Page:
"Damn it all!" said Penfentenyou. "They do face the music, and they do stick by each other in private life!"
"Ties of Common Funk," I answered. Giuseppe ran to the gate and fled back to the possible world. Lord Lundie and Sir Christopher, constrained by tradition, paced slowly.
Then it came to pass that the woman, who walked behind them, lifted up her eyes, and beheld the tree which they had dressed.
"Stop!" she called; and they stopped. "Who did that?"
There was no answer. The Eternal Bad Boy in every man hung its head before the Eternal Mother in every woman.
"Who put these disgusting things there?" she repeated.
Suddenly Penfentenyou, Premier of his Colony in all but name, left Jimmy and me, and appeared at the gate. (If he is not turned out of office, that is how he will appear on the Day of Armageddon.)
"Well done you!" he cried zealously, and doffed his hat to the woman. "Have you any children, madam?" he demanded.
"Yes, two. They should have been here to-day. The firm promised—"
"Then we're not a minute too soon. That monkey escaped. It was a very dangerous beast. 'Might have frightened your children into fits. All the organ-grinder's fault! A most lucky thing these gentlemen caught it when they did. I hope you aren't badly mauled, Sir Christopher?" Shaken as I was (I wanted to get away and laugh) I could not but admire the scoundrel's consummate tact in leading his second highest trump. An ass would have introduced Lord Lundie and they would not have believed him.
It took the trick. The couple smiled, and gave respectful thanks for their deliverance by such hands from such perils.
"Not in the least," said Lord Lundie. "Anybody—any father would have done as much, and pray don't apologize your mistake was quite natural." A furniture man sniggered here, and Lord Lundie rolled an Eye of Doom on their ranks. "By the way, if you have trouble with these persons—they seem to have taken as much as is good for them—please let me know. Er—Good morning!"
They turned into the lane.
"Heavens!" said Jimmy, brushing himself down. "Who's that real man with the real head?" and we hurried after them, for they were running unsteadily, squeaking like rabbits as they ran. We overtook them in a little nut wood half a mile up the road, where they had turned aside, and were rolling. So we rolled with them, and ceased not till we had arrived at the extremity of exhaustion.
"You—you saw it all, then?" said Lord Lundie, rebuttoning his nineteen-inch collar.
"I saw it was a vital question from the first," responded Penfentenyou, and blew his nose.
"It was. By the way, d'you mind telling me your name?"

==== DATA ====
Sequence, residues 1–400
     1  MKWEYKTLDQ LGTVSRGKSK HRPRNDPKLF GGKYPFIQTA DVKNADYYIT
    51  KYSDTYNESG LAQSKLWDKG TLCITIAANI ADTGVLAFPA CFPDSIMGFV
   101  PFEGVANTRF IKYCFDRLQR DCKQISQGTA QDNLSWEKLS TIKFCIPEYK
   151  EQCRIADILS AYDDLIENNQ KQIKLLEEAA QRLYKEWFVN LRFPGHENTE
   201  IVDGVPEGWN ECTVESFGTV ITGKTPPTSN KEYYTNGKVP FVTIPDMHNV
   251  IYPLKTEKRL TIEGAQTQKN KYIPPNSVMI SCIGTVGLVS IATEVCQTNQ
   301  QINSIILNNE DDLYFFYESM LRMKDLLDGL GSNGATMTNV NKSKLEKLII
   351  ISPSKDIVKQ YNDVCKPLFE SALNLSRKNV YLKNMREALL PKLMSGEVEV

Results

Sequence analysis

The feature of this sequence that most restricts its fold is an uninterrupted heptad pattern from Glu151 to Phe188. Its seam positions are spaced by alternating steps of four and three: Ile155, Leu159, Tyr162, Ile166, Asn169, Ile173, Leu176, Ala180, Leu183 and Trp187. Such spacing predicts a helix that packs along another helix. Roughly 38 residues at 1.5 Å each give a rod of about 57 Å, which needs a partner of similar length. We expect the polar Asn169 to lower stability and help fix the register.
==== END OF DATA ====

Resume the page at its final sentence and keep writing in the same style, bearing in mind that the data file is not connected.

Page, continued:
Summa. Penfentenyou's Great Idea has gone through, a little chipped at the edges, but in fine and far-reaching shape. His Opposite Number worked at it like a mule—a bewildered mule, beaten from behind, coaxed from in front, and propped on either soft side by Lord Lundie of the compressed mouth and the searing tongue.
Sir Christopher Tomling has been ravished from the Argentine, where, after all, he was but preparing trade-routes for hostile peoples, and now adorns the forefront of Penfentenyou's Advisory Board. This was an unforeseen extra, as was Jimmy's gratis full-length—(it will be in this year's Academy) of Penfentenyou, who has returned to his own place.
Now and again, from afar off, between the slam and bump of his shifting scenery, the glare of his manipulated limelight, and the controlled rolling of his thunder-drums, I catch his voice, lifted in encouragement and advice to his fellow-countrymen. He is quite sound on Ties of Sentiment, and—alone of Colonial Statesmen ventures to talk of the Ties of Common Funk.
Herein I have my reward.
The Celt in all his variants from Builth to Ballyhoo,
His mental processes are plain—one knows what he will do,
And can logically predicate his finish by his start:
But the English—ah, the English!—they are quite a race apart.
Their psychology is bovine, their outlook crude and rare;
They abandon vital matters to be tickled with a straw;
But the straw that they were tickled with—the chaff that
they were fed with—
They convert into a weaver's beam to break their foeman's head
For undemocratic reasons and for motives not of State,
They arrive at their conclusions—largely inarticulate.
Being void of self-expression they confide their views to none;
But sometimes, in a smoking-room, one learns why things were
In telegraphic sentences, half swallowed at the ends,
They hint a matter's inwardness—and there the matter ends.
And while the Celt is talking from Valencia to Kirkwall,
The English—ah, the English!—don't say anything at all!